Managing your social media efforts in-house is all fine and dandy if you’ve got the resources to make it happen. And once you’ve got those resources in place and trained up, there’s no limit to all the blogging and posting and tweeting that will ensue in the name of connecting with your audience. Or is there?
Like many companies embarking on the road of social media, you may find that you have lots to share at first while your blog is new and your motivation to ‘engage’ is high. But what happens when you hit the wall for content, when you feel you have nothing to write about? Knowing that frequency is key, you’re suddenly in a panic to produce something relevant. What now?
First of all, remember who is in charge of content. Sure, you’re posting it, but unlike with traditional marketing which is planned and pushed to consumers, social media content is truly steered by your audience. So rather than trying to figure out what you want to tell your followers, think about responding to what they want.
It doesn’t have to be breaking news, it just has to be relevant. You can start simply by answering questions you’ve received. If one person has taken the time to send an inquiry, you can be sure there are others wondering about the same thing, so create a series of blogs, written and/or on video, based on answers to your frequently asked questions. Demonstrate what you know. And consider empowering other members of your organization to contribute as well. Put yourself in the shoes of a new customer or client and create ‘answers’ to questions you expect you’d ask. This approach will generate numerous blogs for you and enable you to connect with your audience in an immediately relevant way.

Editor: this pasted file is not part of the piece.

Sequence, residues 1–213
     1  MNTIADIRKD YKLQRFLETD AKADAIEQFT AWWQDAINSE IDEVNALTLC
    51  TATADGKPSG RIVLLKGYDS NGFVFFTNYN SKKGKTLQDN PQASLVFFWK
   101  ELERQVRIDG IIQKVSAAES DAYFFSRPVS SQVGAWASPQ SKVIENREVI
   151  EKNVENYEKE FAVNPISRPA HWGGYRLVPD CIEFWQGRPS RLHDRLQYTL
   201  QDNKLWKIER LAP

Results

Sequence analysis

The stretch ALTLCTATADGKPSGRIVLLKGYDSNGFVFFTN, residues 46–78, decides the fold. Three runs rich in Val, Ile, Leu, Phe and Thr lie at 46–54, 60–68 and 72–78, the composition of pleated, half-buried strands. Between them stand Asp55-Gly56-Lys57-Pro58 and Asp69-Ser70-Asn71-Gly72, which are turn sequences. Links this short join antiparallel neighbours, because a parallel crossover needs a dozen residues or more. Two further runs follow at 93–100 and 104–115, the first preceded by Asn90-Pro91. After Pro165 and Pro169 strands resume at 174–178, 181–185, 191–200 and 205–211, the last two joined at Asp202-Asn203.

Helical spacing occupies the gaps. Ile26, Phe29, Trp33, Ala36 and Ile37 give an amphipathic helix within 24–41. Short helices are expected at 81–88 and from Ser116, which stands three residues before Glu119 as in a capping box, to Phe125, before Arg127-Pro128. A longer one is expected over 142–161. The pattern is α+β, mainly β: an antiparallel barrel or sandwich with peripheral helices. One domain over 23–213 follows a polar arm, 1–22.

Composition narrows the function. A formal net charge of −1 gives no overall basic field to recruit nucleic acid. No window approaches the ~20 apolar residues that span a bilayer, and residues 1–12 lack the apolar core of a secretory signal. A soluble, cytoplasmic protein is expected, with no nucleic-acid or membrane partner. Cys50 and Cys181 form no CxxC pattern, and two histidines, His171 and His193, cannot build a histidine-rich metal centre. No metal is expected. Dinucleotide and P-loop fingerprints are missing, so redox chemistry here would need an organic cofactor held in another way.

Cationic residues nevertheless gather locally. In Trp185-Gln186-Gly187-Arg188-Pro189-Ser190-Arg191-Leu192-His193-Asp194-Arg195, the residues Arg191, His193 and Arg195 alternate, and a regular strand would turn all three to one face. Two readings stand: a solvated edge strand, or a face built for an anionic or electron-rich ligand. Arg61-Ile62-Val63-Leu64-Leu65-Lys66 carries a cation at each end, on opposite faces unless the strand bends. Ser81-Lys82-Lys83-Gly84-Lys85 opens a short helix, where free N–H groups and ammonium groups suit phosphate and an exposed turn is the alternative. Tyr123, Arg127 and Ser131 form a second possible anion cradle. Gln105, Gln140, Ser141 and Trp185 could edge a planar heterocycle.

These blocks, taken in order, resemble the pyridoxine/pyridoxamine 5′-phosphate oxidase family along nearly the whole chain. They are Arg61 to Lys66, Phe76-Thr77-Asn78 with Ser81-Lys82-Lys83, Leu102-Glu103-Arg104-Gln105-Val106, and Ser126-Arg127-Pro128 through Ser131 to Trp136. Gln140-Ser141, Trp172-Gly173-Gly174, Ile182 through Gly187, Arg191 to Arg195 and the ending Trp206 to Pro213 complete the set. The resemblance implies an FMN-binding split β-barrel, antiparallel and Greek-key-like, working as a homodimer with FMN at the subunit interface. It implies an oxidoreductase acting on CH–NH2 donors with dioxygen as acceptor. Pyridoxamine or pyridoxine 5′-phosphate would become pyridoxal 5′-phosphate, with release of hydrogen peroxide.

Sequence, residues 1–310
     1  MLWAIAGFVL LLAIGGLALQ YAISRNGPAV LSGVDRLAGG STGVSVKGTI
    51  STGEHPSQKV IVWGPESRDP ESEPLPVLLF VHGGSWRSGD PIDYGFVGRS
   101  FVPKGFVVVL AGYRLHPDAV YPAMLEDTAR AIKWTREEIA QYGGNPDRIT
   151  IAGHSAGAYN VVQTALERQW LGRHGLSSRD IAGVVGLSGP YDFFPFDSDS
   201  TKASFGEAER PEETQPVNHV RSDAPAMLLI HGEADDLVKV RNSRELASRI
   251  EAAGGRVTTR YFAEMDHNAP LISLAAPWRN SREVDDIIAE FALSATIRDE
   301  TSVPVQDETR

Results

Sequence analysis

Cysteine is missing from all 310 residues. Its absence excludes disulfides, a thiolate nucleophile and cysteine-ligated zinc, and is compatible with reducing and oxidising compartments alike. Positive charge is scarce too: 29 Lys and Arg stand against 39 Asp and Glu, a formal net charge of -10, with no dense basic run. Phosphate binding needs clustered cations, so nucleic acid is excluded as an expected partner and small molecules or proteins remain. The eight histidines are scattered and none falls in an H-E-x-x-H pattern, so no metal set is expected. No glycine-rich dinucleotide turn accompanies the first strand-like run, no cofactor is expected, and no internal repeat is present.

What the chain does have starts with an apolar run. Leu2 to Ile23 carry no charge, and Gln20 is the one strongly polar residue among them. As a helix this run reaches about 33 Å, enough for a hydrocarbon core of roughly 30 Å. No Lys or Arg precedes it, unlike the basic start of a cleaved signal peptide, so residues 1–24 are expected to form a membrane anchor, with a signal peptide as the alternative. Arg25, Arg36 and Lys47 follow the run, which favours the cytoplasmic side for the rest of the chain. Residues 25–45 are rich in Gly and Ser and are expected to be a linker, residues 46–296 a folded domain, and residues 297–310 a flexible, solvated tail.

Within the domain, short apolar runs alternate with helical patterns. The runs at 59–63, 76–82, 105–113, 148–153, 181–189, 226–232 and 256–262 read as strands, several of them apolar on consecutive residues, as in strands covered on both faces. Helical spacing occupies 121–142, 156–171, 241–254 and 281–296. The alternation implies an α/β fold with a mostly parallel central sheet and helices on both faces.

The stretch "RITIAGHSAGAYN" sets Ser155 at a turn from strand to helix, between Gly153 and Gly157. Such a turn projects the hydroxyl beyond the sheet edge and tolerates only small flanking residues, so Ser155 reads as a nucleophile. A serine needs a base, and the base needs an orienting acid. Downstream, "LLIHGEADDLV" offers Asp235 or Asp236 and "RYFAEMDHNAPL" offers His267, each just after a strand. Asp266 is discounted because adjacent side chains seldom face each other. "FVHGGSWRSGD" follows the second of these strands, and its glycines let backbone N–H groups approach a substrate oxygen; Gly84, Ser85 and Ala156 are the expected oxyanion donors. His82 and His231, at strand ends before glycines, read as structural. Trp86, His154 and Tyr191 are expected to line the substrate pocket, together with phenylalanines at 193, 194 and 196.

Another direction is to share compelling articles or industry news you’ve come across—your personalized version of ‘recommended reads’ and always crediting your source. This, too, will be meaningful to your audience, and could well position you as a spokesperson in your field and lead to even more exposure. Be selective with what you share and respect your audience’s time. If you come across a few worthy items, stagger the intervals at which you post them so they’re easier to digest.
Whatever you do, schedule time to blog regularly and respond to any comments you generate. Once you’ve got momentum, it’s important to maintain it.
To read more on this topic, I’d recommend Small Business Social Media Case Studies, a downloadable PDF report called Generating Small Business Customers With Social Media Marketing at http://www.hubspot.com/internet-marketing-whitepapers/